If we only wanted to be happy it would be easy; but we want to be happier than other people, which is almost always difficult, since we think them happier than they are.- Charles de Montesquieu, Pensées (1670/1991, p. 377)
Our perception of what other people’s lives are, is what put us to misery. Lets take a few situations as below and what impacts that these are causing:
Emotional Well Being:
Have other people’s awesome Facebook updates ever made you feel like a total loser? Or have you ever felt that your best friend’s or your mortal enemy’s life is all dandy and yours is nothing but struggle and anxiety? Has you wife or girlfriend shown pictures to you about her college friend and her husband taking world trips and you are reduced to watching TV at home? My friend you are not alone and if you’re feeling alone, you’re in good company. ridiculous as it may sound, the friends whom you envy may be envying you just as much!
In a stanford sponsored study: ()
First, the researchers asked 63 college freshmen to report the positive and negative experiences they had had in the previous two weeks. Participants also reported on whether or not they were alone when they had these experiences, and whether they tried to bury the bad stuff. Researchers found that 29% of students’ bad experiences occurred in private, compared with 15% of the good ones. And 40% of the time, people deliberately concealed negative feelings.
That helps explain why other people always seem like they’re having so much fun — they generally tend to be happier in social settings, and they usually don’t dwell on feelings of loneliness or depression when they’re out in a group. In contrast, many of our negative emotions are experienced alone, so we’re the only ones who see ourselves at our loneliest and most depressed.
There are contradicting studies as well: Afrom Carnegie Mellon found that, when people engaged in direct interaction with others—that is, posting on walls, messaging, or “liking” something—their feelings of bonding and general social capital increased, while their sense of loneliness decreased. But when participants simply consumed a lot of content passively, Facebook had the opposite effect, lowering their feelings of connection and increasing their sense of loneliness.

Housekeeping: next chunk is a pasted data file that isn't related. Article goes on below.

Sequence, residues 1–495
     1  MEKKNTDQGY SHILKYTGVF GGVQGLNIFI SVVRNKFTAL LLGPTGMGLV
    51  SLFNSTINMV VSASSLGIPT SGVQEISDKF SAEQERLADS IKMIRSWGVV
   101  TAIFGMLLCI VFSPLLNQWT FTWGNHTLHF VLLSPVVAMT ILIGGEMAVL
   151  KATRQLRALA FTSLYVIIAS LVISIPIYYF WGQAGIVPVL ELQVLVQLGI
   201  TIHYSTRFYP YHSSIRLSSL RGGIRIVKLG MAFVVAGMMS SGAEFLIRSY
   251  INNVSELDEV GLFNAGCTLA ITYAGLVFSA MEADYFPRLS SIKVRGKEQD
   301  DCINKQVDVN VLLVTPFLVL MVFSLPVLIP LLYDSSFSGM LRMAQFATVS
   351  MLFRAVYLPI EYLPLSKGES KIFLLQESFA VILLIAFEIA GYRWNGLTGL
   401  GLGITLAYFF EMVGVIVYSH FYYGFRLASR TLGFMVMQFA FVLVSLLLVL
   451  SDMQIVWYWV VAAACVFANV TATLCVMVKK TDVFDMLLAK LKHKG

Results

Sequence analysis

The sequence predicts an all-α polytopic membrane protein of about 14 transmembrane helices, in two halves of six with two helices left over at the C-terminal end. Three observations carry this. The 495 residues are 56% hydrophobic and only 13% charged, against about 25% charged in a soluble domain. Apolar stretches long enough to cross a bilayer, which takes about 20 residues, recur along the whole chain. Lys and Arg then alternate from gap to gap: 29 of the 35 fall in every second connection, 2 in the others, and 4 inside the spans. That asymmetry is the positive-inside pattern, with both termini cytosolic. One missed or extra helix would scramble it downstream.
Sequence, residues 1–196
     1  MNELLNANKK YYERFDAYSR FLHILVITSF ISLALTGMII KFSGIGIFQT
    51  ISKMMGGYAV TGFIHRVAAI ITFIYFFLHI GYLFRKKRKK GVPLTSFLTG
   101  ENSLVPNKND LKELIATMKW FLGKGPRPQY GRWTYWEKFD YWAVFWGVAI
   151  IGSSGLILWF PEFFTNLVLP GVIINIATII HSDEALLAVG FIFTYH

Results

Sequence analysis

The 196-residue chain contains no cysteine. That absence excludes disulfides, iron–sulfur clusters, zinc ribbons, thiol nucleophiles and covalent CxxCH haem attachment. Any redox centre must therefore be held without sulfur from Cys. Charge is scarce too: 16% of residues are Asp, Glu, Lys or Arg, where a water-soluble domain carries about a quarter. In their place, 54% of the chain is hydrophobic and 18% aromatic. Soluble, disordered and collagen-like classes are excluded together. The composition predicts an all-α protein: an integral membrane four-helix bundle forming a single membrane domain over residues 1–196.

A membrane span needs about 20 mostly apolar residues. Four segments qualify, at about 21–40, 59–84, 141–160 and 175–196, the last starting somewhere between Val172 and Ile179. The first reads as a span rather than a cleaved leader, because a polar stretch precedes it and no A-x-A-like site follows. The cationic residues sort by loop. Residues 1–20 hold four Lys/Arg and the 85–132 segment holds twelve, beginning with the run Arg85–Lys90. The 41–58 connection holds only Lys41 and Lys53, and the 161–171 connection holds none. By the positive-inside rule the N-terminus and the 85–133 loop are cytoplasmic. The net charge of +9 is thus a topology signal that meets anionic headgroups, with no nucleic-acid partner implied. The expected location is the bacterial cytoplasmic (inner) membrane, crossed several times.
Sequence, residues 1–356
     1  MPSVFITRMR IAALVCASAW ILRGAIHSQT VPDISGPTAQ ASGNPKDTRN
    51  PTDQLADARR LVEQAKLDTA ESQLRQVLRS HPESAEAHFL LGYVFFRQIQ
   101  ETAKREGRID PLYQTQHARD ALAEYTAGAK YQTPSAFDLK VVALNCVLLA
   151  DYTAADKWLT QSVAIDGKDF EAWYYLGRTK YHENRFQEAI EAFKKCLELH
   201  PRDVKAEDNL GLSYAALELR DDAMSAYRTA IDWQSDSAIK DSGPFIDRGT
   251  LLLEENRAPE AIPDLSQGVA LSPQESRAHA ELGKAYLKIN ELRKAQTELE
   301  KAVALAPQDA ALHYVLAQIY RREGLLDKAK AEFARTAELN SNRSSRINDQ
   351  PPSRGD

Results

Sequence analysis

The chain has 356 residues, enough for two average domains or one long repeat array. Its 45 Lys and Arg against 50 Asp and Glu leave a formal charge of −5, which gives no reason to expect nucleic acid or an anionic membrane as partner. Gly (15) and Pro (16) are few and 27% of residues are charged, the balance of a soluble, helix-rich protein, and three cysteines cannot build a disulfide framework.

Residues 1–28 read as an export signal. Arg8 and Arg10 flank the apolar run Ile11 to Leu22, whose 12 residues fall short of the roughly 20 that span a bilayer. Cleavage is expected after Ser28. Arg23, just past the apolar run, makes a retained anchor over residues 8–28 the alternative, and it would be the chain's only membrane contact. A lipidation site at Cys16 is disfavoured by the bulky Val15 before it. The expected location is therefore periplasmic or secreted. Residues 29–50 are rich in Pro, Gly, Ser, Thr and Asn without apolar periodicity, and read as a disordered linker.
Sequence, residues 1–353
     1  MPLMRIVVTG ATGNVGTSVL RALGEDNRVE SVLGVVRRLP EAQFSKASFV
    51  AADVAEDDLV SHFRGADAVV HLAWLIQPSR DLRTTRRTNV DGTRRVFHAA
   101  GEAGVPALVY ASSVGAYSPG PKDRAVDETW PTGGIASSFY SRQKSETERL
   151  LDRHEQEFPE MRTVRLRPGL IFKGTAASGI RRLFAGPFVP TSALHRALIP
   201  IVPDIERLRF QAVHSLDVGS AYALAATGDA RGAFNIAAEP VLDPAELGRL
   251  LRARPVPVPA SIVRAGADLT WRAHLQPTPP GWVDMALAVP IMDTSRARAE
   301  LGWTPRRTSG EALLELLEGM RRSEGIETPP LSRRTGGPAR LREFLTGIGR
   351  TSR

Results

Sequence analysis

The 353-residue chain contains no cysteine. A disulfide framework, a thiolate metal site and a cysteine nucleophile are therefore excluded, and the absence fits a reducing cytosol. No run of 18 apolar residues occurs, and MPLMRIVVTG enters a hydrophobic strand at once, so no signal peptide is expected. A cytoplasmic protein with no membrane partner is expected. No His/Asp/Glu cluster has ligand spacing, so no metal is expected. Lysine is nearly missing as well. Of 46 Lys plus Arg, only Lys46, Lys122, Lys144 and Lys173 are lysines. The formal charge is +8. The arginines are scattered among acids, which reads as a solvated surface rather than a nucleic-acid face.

In anfrom the University of Missouri, a group of psychologists found a physical manifestation of these same effects. As study participants interacted with a Social media site, four electrodes attached to the areas just above their eyebrows and just below their eyes recorded their facial expressions in a procedure known as facial electromyography. When the subjects were actively engaged with Facebook, their physiological response measured a significant uptick in happiness. When they were passively browsing, however, the positive effect disappeared.
In other words, the world of constant connectivity and media, as embodied in every study that distinguished the social media experiences—active versus passive—people spent, on average, far more time passively scrolling through newsfeeds than they did actively engaging with content, this is why studies, so often show deleterious effects on our emotional state. Demands on our attention lead us to use social media more passively than actively, and passive experiences, no matter the medium, translate to feelings of disconnection and boredom.
Intellectual Well Being:
People are getting dumber, or at least, they’re doing more poorly at school and on tests. Their cognition is worse than ever, their critical thinking skills are non-existent and their social skills… well, there really is no such thing as social skills anymore. Ironically, social media is to blame.
On average, students spend 12 hours every day participating in social media: tweeting, texting, using Facebook, checking in at Foursquare, wasting time on Pinterest and the list goes on. It’s an indisputable fact that a day has exactly 24 hours. Since most people sleep an average of eight hours, that leaves just four hours for everything else: eating, exercising, traveling from place to place… and where, exactly, does studying fit in? Apparently, it doesn’t.
To put the icing on the not-so-great-tasting technology cake, another recent study shows that Facebook makes people much ruder. In that study, a whopping 80% people reported that they experience more rudeness on social media as compared to face-to-face interactions. It’s no surprise, really, because interacting with screen instead of people also weakens our ability to be compassionate. In fact, studies show that today’s college students are 40% less empathetic than generations before them, and many psychologists and physicians say social media is to blame.
The key to happiness here is to understand: “Don’t compare your inside to someone else’s outside.” In other words, be aware that you can’t see what other people are really going through; the faces they present to the world may not accurately represent their true feelings. In short, step away from the computer once in a while!